Getting Tupper Lake on track … or trail

Those on both sides of rail-trail debate hoping a decision will come soon

The depot at “Next Stop Tupper Lake” is the proposed switching point where rail-trail riders would get off a train and on the trail. (Enterprise photo — Aaron Cerbone)

TUPPER LAKE — While towns, villages and residents of the Tri-Lakes area weigh in on a judge’s recent ruling on the proposed rail-trail debate in hopes Gov. Andrew Cuomo will give the project a thumbs-up or down, residents in the “Crossroads of the Adirondacks” look for a speedy decision to help their economy gain steam.

The 2016 amendment to the unit management plan to recommission train tracks ending in the downtown junction and rip up tracks leading to Lake Placid for a multi-use trail was shot down by Supreme Court Judge Robert Main Jr. in September.

This was a boon for train advocates who believe the rails could supply the Tri-Lakes area with transportation and recreation, but was a serious blow to trail advocates who believe the rails are ineffective and hold back economic progress.

“Forty-seven years of nothing is what I’m looking at,” Adirondack Recreational Trail Advocates board member Chris Keniston said from his Washington Street driveway, which has a view of the rail. “The only people who are using it right now are four-wheelers.”

Several minutes later, an all-terrain vehicle, riding down the corridor illegally, rolled by his house as the sun set.

The travel corridor has been vacant for many years, and with that much time comes a host of opinions, proposals and beliefs on what should be done with unused railways.

The current plan, which was blocked by Judge Main, was to have functioning railways from Old Forge to Tupper Lake, where its last stop would mark the start of a 34-mile trail through Saranac Lake to Lake Placid, and could be hiked, biked or snowmobiled.

Keniston said he has ridden hundreds of miles of rail trails around the country and has seen firsthand the value the trails have to local communities.

“I see it as such a wasted resource,” Keniston said. “I think every day there is not [a trail] it is costing the Tri-Lakes a lot of money.”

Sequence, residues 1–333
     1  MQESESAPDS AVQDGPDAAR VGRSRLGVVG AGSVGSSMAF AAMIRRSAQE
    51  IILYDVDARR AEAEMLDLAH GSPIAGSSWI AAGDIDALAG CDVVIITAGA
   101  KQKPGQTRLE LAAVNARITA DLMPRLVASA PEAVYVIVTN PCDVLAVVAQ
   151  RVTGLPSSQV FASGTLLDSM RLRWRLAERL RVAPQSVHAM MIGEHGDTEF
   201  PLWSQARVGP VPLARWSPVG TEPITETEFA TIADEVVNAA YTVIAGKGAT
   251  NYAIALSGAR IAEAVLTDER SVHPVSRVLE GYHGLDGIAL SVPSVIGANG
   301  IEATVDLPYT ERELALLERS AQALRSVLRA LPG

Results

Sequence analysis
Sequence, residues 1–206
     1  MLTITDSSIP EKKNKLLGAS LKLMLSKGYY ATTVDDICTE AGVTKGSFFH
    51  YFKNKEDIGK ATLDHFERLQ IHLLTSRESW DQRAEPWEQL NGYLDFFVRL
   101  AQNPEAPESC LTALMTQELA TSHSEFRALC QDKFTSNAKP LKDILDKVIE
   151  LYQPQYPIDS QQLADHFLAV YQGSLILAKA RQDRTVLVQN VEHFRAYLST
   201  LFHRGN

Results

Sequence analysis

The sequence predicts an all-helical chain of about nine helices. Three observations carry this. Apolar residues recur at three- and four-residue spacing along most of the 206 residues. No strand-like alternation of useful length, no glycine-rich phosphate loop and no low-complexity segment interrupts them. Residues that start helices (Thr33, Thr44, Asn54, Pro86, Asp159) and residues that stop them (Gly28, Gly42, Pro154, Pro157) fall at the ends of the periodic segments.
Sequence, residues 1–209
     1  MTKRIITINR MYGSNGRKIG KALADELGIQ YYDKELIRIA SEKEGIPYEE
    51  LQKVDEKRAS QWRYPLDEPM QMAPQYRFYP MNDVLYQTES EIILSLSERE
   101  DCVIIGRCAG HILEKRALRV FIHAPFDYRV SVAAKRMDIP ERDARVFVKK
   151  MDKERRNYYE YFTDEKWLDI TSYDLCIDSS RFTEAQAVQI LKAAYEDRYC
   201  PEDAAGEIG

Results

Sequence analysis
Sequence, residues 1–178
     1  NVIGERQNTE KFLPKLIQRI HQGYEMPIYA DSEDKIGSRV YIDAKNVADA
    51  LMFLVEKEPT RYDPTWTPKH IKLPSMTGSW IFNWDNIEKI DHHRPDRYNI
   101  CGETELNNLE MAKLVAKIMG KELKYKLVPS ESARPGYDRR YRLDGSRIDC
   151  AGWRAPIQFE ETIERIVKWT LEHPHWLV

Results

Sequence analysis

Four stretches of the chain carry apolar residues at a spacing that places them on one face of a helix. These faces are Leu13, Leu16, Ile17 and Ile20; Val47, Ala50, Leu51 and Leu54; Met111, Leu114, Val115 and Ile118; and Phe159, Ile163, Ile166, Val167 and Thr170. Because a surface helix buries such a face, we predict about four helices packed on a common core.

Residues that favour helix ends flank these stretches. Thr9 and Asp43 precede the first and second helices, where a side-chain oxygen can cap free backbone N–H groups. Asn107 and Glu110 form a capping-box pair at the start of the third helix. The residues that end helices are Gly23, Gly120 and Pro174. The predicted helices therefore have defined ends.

Many rail supporters feel the same way; however, they also want to keep the resource of a train as a form of mass transportation into the Adirondacks and a way to attract tourism. Their rail-and-trail plan would run the trail alongside the railway, deviating to connect with other trails and roads when the corridor becomes too narrow or marshy.

“There are rails and trails all over the continent. I don’t know why a trail and a rail can’t exist in a 100-foot-wide corridor,” Next Stop Tupper Lake developer Dan McClelland said. “I’m a supporter of having a four-season trail come to Tupper Lake, but I don’t think it has to come at the expense of the railroad.”

Though this option would provide multiple modes of transportation between Tupper Lake and Lake Placid, those backing the trail-only system say it would not support most casual forms of travel, leaving the flat rail path to wind through hills and run along busy roads.

Despite the work it would take to develop a trail following the railway across the Tri-Lakes, advocates for keeping the rails in place believe both pathways can be accommodated simultaneously.

“I think if we can put men on the moon, we can do a rail and trail,” Mayor Paul Maroun said at an Oct. 18 village board meeting, at which he voted against a resolution supporting the 2016 unit management plan. The resolution passed.

The town of Tupper Lake’s board has also passed a resolution supporting the rail-trail, asking the governor to overturn Judge Main’s decision an designate the railway as a recreation corridor. So did the Lake Placid village board and the North Elba town board.

Hope Frenette, an ARTA board member who lives in Tupper Lake, said the trail-only system would provide the Tri-Lakes with more than just tourism and that an easy, accessible trail would bring people who want to just stop in town as well as those who would stay and live there.

“Without having this, we’re losing out on people that might want to move here,” Frenette said. “Tourism is important, but it is also important to have amenities here for your residents.”

Without taking a step forward, every solution or plan is only speculation, and all the while, Tupper Lake is not receiving the benefits of rail or trail.

Whether Tupper Lakers put their faith in the rail, the trail or a combination of the two, every side of the debate expressed one, unified answer: Tupper Lake needs something to get its economy back on track.

“When every other outdoor community across the country is building these multi-use recreational trails and we’re not, we’re gonna lose out — regardless of how nice an area, how great an area it is.” Frenette said.

“I’d like to see this program move forward,” McClelland said. “We’ve talked too long about it, and I think it needs to be settled post haste.”


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